Hans Nilsson of Eda, Sweden had long hoped to film a white moose.
And last Thursday, the local commissioner lucked out when the beautiful, majestic animal waded through a pond near him.
It’s estimated there are only abut 100 of these white moose left in Sweden.
Municipal council commission member Hans Nilsson told a Swedish radio station Sverige Radio he’s a nature lover who has frequently attempted to film or photograph the rare moose. After three years, he finally caught stunning footage of the bull moose crossing a shallow river and walking through tall grass. The moose appears to be entirely white, with soft white velvet coating even its antlers.
“You see the white moose go down into the water… climb on the other side and then bite some leaves and then turn to me and look straight into the camera.
Nilsson estimates he was about 5 metres away from the moose.
“It was a great feeling when you see such a unique animal that is not at all concerned with people. It is a stately moose with fifteen sixteen tags.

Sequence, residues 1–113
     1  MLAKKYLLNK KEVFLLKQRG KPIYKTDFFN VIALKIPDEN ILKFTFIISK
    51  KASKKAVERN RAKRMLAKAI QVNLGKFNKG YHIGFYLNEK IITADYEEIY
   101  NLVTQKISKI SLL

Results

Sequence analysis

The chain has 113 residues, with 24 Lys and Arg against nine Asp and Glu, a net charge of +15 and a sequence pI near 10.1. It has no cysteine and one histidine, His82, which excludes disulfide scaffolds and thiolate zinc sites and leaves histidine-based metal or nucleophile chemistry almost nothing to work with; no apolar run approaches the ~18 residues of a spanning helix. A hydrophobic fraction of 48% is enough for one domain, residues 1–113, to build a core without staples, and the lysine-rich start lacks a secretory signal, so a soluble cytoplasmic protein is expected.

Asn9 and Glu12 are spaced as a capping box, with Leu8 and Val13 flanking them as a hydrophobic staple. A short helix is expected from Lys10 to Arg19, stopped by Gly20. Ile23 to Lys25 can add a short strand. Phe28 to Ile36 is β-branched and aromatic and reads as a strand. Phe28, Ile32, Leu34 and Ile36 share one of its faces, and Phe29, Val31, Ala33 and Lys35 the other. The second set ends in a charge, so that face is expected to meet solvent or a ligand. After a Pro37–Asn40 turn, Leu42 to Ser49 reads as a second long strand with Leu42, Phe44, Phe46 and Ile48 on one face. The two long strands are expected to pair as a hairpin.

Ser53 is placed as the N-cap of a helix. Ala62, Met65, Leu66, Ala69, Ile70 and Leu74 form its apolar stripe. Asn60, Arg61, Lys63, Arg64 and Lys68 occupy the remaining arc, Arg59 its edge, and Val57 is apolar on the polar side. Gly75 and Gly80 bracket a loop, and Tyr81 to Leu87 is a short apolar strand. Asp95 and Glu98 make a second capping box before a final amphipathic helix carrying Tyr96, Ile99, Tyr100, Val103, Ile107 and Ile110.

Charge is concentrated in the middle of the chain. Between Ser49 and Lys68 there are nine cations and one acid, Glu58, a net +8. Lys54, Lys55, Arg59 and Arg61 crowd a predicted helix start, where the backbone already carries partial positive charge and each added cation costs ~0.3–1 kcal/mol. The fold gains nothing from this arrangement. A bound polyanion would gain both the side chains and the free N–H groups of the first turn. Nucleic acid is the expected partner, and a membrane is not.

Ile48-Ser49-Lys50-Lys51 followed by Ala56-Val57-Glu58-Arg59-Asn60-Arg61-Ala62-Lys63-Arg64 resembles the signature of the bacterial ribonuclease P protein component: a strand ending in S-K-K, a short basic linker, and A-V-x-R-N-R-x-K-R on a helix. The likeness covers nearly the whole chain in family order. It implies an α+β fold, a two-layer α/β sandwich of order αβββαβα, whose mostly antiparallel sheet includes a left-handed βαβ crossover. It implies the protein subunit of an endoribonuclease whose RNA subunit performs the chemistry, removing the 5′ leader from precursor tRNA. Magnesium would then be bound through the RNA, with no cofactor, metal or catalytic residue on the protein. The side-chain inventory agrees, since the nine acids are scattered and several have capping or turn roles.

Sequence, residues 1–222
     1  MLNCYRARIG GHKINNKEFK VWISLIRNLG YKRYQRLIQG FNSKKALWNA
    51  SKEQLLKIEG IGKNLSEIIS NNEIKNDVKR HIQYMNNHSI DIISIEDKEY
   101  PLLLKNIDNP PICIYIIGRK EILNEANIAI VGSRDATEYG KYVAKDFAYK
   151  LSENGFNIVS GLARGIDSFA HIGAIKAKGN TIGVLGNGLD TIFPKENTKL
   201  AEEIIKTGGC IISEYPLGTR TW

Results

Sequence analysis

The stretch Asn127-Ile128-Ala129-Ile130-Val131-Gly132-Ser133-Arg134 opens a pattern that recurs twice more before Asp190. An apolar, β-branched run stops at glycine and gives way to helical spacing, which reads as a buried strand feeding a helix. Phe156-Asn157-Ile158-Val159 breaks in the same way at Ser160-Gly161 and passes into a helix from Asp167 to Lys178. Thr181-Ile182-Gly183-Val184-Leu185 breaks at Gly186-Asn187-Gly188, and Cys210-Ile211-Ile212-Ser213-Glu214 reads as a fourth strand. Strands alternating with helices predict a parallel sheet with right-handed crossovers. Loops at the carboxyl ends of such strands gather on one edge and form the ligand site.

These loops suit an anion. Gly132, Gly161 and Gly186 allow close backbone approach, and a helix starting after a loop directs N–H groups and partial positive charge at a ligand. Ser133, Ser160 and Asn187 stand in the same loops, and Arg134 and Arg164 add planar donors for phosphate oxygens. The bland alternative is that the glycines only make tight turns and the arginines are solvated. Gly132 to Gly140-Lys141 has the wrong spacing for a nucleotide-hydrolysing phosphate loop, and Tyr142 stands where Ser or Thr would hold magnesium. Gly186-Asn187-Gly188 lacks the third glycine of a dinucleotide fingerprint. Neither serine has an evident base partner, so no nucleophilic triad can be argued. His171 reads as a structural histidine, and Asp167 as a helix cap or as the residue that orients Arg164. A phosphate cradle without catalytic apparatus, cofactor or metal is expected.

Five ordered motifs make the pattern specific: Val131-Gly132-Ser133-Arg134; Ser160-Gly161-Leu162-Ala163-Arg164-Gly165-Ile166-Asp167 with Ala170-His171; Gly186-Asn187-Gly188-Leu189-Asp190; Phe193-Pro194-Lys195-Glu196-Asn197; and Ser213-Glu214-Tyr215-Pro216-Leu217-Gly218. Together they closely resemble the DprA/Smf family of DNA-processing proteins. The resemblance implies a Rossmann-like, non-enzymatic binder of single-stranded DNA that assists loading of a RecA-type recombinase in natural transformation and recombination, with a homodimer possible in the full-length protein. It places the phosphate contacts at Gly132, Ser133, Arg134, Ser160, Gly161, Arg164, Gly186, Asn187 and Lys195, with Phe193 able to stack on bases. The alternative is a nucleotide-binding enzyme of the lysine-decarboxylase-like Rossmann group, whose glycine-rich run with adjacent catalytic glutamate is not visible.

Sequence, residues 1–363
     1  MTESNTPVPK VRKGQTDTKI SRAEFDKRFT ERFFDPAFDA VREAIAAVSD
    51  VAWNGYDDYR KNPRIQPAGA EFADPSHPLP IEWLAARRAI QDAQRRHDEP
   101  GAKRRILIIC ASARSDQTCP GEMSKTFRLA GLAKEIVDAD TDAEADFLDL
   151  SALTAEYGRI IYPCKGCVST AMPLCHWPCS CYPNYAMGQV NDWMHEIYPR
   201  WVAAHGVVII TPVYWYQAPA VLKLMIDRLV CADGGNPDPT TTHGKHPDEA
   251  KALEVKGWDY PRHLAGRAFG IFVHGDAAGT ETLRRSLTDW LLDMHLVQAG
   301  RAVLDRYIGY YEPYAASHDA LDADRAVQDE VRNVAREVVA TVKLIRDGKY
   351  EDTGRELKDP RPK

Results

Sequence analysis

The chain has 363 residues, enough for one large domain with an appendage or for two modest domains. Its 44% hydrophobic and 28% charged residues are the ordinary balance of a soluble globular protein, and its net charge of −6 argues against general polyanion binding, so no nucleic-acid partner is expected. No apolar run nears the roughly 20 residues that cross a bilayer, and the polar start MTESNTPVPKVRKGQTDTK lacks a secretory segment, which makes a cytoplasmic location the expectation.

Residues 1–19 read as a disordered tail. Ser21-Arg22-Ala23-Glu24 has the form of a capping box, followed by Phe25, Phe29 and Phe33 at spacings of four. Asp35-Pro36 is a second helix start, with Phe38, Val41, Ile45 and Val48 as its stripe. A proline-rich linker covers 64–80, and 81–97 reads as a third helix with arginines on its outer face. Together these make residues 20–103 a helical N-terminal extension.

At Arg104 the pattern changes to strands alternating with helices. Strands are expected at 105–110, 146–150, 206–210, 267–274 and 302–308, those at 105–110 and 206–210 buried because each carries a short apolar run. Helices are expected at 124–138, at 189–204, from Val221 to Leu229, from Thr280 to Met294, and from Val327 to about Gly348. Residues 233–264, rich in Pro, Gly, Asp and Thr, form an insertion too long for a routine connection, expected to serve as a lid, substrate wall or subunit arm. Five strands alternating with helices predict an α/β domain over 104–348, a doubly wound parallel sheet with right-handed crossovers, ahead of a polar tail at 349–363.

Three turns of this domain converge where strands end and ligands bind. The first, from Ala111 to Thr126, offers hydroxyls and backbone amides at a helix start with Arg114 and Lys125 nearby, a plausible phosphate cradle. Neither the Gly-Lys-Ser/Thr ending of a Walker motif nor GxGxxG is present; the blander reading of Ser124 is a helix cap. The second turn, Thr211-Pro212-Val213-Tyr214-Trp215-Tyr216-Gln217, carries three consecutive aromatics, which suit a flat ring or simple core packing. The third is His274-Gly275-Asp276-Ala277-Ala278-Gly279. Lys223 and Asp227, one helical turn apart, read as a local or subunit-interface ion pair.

On film, he caught sight of how it came to him. Now the film is spreading like a riot on social media.
“This is as great as seeing a leopard in Africa,” says Nilsson.
According to Hans Nilsson, there are about fifty white whales in western Värmland in the municipality of Eda and Arvika.
A story in National Geographic detailed the reasons behind why the moose is completely white. The colouring is not the result of albinism, which is a congenital condition that occurs because of a loss of pigmentation. Animals and people get albinism. The white moose got that way from a recessive gene.
While it’s not common for people to see white moose, compared to their brown counterparts, videos of the animal have surfaced before.
In late June, two white moose twins were captured on camera in Norway. Lee Kantar, Maine’s state deer and moose biologist, explained to National Geographic at the time that he thought it was possible the moose were albino or piebald (the footage wasn’t clear enough to make a better determination).
Göran Ericsson is a professor of elk and moose for the Swedish University of Agricultural Sciences. He explained that, while the condition is rare, he sees news of white moose surface every year, and it’s possible the prevalence of these ghostly animals is increasing.
Video courtesy of Hans Nilsson, Youtube